I am a fourth year medical student that attends an institution that does not have a department of family medicine.
Currently there are only 10 such allopathic institutions in the country. When I tell colleagues and friends that I intend to enter family medicine they say, “oh primary care?” While yes, it is true that family physicians obviously practice primary care, I am disheartened that my colleagues do not know or understand what family medicine is.
At my medical school we are required to do a 8 week “primary care rotation” but not with a family physician or in a family medicine inpatient unit, since we do not have a department. Most students are paired with internists and only see adults. Some students are allowed to be with primary care pediatricians, which is excellent, however they already were able to experience this during their pediatrics rotation. It is also permissible to be with a specialist for part of the time, with the argument that even if one goes on to study primary care, they will have to rotate through the various subspecialties.
By not exposing students to full spectrum family doctors, I think the school is performing a disservice, and not allowing students to be exposed to the specialty. When I inform students that family doctors provide prenatal care, deliver babies, do procedures, have to do a surgery rotation, and in some areas can even man the ICU and ER, they look at me dumbfounded.
When I tell specialists that I want to enter family medicine it’s either an, “oh that’s interesting,” “good luck,” or, “how did you wind up being interested in that.”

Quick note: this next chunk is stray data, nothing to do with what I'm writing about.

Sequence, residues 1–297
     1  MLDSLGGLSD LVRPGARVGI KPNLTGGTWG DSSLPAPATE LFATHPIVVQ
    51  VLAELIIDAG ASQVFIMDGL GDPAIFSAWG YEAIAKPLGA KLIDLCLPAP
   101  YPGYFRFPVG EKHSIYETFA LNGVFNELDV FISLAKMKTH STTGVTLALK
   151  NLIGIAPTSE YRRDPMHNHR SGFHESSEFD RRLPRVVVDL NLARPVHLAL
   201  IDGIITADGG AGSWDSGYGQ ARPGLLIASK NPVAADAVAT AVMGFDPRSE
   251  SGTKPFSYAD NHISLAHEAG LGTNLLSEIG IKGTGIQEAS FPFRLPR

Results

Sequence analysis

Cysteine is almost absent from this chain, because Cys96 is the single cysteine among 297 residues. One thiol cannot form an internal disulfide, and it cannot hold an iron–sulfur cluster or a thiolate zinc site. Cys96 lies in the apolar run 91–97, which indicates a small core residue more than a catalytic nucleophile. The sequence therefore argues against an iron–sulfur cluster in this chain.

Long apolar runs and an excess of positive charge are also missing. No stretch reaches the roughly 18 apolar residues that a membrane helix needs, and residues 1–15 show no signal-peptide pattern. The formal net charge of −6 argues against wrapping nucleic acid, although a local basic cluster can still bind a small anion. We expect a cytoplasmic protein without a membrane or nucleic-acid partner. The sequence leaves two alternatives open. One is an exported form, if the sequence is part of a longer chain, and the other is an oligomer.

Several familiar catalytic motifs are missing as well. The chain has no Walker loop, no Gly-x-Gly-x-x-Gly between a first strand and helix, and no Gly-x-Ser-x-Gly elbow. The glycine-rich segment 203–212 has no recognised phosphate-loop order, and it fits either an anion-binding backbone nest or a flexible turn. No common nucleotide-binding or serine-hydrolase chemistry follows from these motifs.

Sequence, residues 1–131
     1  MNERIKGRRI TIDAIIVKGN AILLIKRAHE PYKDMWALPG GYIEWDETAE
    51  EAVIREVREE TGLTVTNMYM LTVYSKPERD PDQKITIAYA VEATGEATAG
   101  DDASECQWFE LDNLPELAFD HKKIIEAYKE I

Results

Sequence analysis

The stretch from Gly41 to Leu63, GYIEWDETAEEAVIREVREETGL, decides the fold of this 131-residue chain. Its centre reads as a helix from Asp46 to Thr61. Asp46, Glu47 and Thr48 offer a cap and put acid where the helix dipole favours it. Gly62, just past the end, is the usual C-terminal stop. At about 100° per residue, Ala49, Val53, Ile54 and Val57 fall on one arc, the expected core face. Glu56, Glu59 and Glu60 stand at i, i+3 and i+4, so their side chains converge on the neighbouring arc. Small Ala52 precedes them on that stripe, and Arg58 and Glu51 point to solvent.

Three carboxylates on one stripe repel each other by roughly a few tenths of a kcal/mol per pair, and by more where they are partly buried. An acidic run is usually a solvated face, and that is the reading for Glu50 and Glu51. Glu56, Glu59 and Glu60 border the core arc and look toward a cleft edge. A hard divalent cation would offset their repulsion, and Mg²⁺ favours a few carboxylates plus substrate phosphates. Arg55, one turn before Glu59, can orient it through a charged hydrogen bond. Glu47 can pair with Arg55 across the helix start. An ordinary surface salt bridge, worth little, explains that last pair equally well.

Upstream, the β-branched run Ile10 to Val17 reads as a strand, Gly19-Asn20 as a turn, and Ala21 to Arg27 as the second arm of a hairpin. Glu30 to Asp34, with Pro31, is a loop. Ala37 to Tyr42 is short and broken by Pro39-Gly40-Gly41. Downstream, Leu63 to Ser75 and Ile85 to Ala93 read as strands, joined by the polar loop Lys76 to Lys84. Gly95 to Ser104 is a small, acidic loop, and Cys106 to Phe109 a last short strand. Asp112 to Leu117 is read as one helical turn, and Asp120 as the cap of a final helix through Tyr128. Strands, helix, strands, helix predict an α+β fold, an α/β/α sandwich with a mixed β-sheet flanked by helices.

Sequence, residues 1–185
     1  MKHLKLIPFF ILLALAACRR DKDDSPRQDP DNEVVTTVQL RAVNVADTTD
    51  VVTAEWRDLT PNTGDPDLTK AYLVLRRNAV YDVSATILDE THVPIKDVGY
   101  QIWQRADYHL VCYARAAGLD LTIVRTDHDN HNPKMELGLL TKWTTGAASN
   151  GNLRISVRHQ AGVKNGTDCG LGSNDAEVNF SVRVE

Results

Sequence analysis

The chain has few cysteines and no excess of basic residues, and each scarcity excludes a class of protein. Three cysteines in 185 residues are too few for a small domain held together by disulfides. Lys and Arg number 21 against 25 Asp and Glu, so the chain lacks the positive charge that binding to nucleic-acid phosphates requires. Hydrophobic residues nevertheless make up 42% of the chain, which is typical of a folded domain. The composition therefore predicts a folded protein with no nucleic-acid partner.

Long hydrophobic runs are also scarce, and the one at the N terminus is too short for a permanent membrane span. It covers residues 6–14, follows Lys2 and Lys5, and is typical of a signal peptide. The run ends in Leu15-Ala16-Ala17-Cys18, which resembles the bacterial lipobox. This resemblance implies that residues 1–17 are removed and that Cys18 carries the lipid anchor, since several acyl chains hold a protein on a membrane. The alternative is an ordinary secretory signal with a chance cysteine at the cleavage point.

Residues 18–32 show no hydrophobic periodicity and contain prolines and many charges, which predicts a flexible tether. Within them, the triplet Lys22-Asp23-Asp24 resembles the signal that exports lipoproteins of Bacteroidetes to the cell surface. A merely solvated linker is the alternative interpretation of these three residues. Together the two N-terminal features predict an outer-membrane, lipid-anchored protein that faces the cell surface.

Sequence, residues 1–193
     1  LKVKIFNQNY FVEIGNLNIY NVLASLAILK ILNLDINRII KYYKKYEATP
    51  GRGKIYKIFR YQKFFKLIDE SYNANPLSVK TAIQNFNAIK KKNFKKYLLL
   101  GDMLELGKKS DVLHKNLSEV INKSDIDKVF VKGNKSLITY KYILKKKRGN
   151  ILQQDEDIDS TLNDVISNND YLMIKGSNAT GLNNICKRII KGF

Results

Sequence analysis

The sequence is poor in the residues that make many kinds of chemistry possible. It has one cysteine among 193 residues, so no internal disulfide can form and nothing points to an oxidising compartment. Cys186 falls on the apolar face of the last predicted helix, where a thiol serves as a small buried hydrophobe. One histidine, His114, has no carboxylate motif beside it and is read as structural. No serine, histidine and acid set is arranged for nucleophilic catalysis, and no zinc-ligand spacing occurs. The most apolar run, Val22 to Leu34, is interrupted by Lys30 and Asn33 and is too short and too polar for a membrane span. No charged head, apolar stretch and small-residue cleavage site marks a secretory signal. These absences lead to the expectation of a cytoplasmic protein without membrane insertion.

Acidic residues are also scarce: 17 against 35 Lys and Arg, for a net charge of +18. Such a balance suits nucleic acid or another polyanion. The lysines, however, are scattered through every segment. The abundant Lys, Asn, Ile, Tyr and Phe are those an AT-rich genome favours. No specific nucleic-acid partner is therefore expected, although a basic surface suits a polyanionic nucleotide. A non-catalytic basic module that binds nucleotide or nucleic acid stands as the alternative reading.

I have had only one true family physician role model throughout my almost four years of training. I have had to take two weeks of anesthesia as a graduation requirement, but not family medicine. In a class of 180 students, when 8 choose to go into family medicine it is considered a “good year.” Not even 5%.
This is the true future of primary care, and as a past public health practitioner and future family doctor, it frightens me. That medical students can graduate from medical school not having a knowledge of family medicine, the second largest specialty that students enter (although only half of match spots are filled by US graduates because no one wants to enter primary care).
The National Resident Matching Program likes to fictitiously report that there were “more matches then ever” in primary care, however they consider anyone matching into pediatrics, family medicine and internal medicine as a primary care entry, when in reality only a small fraction of the internal medicine and pediatric residents will go on to practice primary care. The high majority will subspecialize.
As I embark on interview season as an orphan, I hope that I can make it apparent how much of a passion I have for providing patient centered primary care to patients of all ages, even though this was not a mandatory part of my medical curriculum.
Seth Rosenblatt is a medical student.